(7)

We can interpret this bound as using an EIM for in Eq. 4. Generally, if we introduce additional auxiliary random variables into , we can tractably bound the objective

(8)

where is a variational distribution. Analogously to the previous section, we set as an EIM based on the self-normalized importance sampling process with proposal and . If we choose

with , then Eq. 8 recovers the bound in (Yin and Zhou, 2018) (see Appendix B for details). In a similar manner, we can continue to recursively augment the variational distribution (i.e., add auxiliary latent variables to ).

This view reveals that the multi-sample bound from (Yin and Zhou, 2018) is simply one approach to choosing a flexible variational . Alternatively, Ranganath et al. (2016) use a learned variational . It is unclear when drawing additional samples is preferable to learning a more complex variational distribution. Furthermore, the two approaches can be combined by using a learned proposal instead of , which results in a bound described in (Sobolev and Vetrov, 2018).

5.3 Additional Bounds

Finally, we can also use the self-normalized importance sampling procedure to extend a proposal family to a larger family (instead of solely extending (Sobolev and Vetrov, 2018). Self-normalized importance sampling is a particular choice of taking a proposal distribution and moving it closer to a target. Hamiltonian Monte Carlo (Neal and others, 2011) is another choice which can also be embedded in this framework as done by (Salimans et al., 2015; Caterini et al., 2018). Similarly, SMC can be used as a sampling procedure in an EIM and when used as the variational family, it succinctly derives variational SMC (Maddison et al., 2017; Naesseth et al., 2018; Le et al., 2017) without any instance specific tricks. In this way, more elaborate variational bounds can be constructed by specific choices of EIMs without additional derivation.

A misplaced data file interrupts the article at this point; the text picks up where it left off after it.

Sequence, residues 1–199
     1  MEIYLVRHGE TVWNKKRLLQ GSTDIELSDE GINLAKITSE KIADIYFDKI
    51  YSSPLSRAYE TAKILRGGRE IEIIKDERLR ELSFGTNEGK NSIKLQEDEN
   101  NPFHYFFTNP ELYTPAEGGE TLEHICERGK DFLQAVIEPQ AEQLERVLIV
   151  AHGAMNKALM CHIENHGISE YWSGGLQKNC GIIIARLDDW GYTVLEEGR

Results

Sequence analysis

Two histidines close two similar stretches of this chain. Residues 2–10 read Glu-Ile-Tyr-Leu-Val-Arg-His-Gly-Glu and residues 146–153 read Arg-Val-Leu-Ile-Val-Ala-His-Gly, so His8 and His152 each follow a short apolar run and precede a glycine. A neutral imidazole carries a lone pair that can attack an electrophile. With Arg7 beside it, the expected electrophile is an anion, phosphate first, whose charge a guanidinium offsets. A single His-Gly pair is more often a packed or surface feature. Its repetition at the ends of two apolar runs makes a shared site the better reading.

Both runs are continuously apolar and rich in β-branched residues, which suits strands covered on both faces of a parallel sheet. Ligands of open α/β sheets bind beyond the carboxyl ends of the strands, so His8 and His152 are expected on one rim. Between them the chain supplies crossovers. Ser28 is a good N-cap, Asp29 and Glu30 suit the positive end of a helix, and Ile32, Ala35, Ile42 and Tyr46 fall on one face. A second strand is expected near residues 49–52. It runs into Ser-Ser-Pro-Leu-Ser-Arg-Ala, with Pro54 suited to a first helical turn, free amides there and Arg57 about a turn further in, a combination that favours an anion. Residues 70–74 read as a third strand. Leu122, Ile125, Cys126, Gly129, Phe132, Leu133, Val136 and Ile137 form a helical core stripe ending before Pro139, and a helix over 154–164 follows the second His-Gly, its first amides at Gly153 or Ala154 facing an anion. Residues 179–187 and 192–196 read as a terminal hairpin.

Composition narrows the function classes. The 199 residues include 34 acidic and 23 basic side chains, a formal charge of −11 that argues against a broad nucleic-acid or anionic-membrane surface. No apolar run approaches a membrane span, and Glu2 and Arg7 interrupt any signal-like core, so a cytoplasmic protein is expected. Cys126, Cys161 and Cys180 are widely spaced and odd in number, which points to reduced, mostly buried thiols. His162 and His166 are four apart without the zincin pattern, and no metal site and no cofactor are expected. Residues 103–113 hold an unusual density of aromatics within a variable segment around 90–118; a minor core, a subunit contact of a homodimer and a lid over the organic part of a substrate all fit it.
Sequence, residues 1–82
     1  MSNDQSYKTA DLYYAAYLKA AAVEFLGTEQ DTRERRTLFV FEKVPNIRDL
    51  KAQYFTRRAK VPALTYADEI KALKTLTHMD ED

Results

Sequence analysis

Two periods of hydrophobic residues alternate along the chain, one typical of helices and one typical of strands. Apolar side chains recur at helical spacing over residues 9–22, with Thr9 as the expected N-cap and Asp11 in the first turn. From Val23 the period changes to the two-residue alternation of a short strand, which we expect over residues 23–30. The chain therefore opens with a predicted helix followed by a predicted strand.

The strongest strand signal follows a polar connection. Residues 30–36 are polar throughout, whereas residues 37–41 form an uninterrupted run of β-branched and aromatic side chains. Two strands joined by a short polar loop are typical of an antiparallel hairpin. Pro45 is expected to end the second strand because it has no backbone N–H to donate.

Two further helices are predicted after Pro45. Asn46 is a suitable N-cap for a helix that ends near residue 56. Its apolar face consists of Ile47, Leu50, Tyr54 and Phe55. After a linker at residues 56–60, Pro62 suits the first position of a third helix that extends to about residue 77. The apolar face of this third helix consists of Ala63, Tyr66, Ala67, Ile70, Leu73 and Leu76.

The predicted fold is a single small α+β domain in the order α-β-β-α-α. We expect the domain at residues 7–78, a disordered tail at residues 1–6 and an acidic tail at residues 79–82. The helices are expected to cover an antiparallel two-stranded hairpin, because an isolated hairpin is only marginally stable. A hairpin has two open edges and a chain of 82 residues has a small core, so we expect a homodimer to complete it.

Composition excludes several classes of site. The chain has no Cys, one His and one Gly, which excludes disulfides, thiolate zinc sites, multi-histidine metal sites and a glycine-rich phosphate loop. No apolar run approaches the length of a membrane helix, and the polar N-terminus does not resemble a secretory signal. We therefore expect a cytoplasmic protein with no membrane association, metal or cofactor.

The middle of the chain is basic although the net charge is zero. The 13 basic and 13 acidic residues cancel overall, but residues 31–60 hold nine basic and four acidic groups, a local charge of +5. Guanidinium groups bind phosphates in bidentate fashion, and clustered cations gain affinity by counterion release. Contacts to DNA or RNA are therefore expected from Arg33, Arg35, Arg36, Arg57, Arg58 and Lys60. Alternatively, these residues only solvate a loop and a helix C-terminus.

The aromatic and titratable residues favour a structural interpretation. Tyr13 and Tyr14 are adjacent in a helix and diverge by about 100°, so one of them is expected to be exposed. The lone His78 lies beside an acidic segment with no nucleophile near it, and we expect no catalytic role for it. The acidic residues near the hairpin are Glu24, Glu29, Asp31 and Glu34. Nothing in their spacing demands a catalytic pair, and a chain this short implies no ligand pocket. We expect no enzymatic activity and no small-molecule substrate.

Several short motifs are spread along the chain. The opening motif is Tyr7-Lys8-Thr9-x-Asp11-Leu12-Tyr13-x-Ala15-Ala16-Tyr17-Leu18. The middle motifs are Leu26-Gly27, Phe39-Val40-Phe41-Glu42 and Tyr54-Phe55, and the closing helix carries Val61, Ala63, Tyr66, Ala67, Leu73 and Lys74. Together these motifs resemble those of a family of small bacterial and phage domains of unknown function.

6 Discussion

We proposed a flexible, yet tractable family of distributions by treating the approximate sampling procedure of energy-based models as the model of interest, referring to them as energy-inspired models. The proposed EIMs bridge the gap between learning and inference in EBMs. We explore three instantiations of EIMs induced by truncated rejection sampling, self-normalized importance sampling, and Hamiltonian importance sampling and we demonstrate comparably or stronger performance than recently proposed generative models. The results presented in this paper use simple architectures on relatively small datasets. Future work will scale up both the architectures and size of the datasets.